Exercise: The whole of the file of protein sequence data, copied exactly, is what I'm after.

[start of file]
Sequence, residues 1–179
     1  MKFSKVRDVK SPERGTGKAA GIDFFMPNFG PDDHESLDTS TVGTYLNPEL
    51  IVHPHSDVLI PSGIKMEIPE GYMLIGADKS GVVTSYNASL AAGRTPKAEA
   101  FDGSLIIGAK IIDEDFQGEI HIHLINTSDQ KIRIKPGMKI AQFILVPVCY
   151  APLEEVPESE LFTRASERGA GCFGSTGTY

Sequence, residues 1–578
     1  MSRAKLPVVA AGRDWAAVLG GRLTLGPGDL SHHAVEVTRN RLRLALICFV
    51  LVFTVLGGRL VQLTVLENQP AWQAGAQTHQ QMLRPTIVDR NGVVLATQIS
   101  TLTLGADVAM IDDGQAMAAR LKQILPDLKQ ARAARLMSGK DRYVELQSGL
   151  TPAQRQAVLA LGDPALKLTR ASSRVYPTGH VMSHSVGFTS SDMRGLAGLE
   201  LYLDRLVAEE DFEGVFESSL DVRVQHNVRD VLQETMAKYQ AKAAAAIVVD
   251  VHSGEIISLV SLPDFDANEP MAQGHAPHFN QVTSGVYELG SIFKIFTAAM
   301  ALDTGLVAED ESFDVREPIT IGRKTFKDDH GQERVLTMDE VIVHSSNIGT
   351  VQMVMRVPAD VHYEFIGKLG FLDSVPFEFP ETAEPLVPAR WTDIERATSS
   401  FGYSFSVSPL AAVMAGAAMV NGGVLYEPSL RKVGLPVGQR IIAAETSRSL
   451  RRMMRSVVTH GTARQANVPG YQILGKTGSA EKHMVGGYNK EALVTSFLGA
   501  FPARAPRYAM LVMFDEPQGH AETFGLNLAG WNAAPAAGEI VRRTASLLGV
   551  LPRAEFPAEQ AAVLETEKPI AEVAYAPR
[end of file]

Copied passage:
Sequence, residues 1–179
     1  MKFSKVRDVK SPERGTGKAA GIDFFMPNFG PDDHESLDTS TVGTYLNPEL
    51  IVHPHSDVLI PSGIKMEIPE GYMLIGADKS GVVTSYNASL AAGRTPKAEA
   101  FDGSLIIGAK IIDEDFQGEI HIHLINTSDQ KIRIKPGMKI AQFILVPVCY
   151  APLEEVPESE LFTRASERGA GCFGSTGTY

Sequence, residues 1–578
     1  MSRAKLPVVA AGRDWAAVLG GRLTLGPGDL SHHAVEVTRN RLRLALICFV
    51  LVFTVLGGRL VQLTVLENQP AWQAGAQTHQ QMLRPTIVDR NGVVLATQIS
   101  TLTLGADVAM IDDGQAMAAR LKQILPDLKQ ARAARLMSGK DRYVELQSGL
   151  TPAQRQAVLA LGDPALKLTR ASSRVYPTGH VMSHSVGFTS SDMRGLAGLE
   201  LYLDRLVAEE DFEGVFESSL DVRVQHNVRD VLQETMAKYQ AKAAAAIVVD
   251  VHSGEIISLV SLPDFDANEP MAQGHAPHFN QVTSGVYELG SIFKIFTAAM
   301  ALDTGLVAED ESFDVREPIT IGRKTFKDDH GQERVLTMDE VIVHSSNIGT
   351  VQMVMRVPAD VHYEFIGKLG FLDSVPFEFP ETAEPLVPAR WTDIERATSS
   401  FGYSFSVSPL AAVMAGAAMV NGGVLYEPSL RKVGLPVGQR IIAAETSRSL
   451  RRMMRSVVTH GTARQANVPG YQILGKTGSA EKHMVGGYNK EALVTSFLGA
   501  FPARAPRYAM LVMFDEPQGH AETFGLNLAG WNAAPAAGEI VRRTASLLGV
   551  LPRAEFPAEQ AAVLETEKPI AEVAYAPR